Keeping your dog leashed in designated off-leash areas can create tension and confusion among freely roaming dogs. Dogs off their leashes may perceive the leashed dog as vulnerable or restricted, which can lead to aggressive or unpredictable interactions. Leashed dogs might also feel threatened or confined, potentially leading to dangerous situations where they might pull suddenly or get tangled. 

If your dog is not yet ready for off-leash experiences due to training or socialization needs, consider gradually introducing them to these environments, or use fenced-off sections until they are comfortable.

Backyard Tea Party

11. Not Cleaning Up After Feeding

Leaving food remnants at the park can attract wildlife or pests, which can lead to sanitation and safety issues. It can also disrupt the natural behavior of local wildlife. Plus, leaving scraps behind can encourage dogs to scavenge, which can disrupt their training and result in upset tummies if the food has gone bad. Some dogs can also become possessive over food, which can encourage aggressive behaviors.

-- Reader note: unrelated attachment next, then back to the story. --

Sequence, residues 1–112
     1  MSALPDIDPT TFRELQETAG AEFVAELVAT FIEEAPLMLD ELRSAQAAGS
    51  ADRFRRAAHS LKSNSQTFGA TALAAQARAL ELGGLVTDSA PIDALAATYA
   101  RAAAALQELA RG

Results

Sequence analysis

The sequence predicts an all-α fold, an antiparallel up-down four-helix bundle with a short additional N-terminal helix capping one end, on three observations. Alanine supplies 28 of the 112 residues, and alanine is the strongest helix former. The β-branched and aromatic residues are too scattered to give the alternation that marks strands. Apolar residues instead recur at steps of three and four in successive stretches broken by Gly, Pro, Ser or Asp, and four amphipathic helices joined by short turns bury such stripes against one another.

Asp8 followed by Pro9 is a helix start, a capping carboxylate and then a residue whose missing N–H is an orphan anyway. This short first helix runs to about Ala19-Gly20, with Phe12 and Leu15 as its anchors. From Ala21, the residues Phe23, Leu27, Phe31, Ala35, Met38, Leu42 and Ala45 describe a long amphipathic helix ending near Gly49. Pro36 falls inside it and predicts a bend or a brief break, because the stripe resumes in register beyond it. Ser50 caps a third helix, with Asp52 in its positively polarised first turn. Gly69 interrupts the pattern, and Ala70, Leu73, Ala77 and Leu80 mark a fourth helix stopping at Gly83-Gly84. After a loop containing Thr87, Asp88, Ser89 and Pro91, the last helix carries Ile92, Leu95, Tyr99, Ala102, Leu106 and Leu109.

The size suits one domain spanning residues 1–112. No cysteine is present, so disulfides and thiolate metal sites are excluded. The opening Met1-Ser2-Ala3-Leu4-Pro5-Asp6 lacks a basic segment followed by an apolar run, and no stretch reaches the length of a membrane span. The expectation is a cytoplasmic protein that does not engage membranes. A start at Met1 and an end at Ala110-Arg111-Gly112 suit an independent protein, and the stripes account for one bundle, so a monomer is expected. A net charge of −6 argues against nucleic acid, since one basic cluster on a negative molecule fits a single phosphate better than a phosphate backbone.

To avoid this, consider feeding your dog before or after the park visit, and avoid using treats that crumble or leave residue. Just remember to allow at least an hour after feeding to prevent issues like bloating or indigestion. 

Rottweiler dog and Alaskan Malamute in the park.

12. Bringing a Dog That's Nursing or in Heat

Bringing a female dog that is nursing or in heat to a dog park can be dangerous or lead to problematic situations. Nursing mothers may be overly protective or aggressive, while dogs in heat can attract unwanted attention from male dogs. This can cause disturbances or even fights among dogs in the park. 

It’s best to keep nursing mothers and dogs in heat away from busy dog parks. Wait until nursing is finished and the heat cycle has passed before visiting public dog areas to ensure the safety and comfort of all park goers.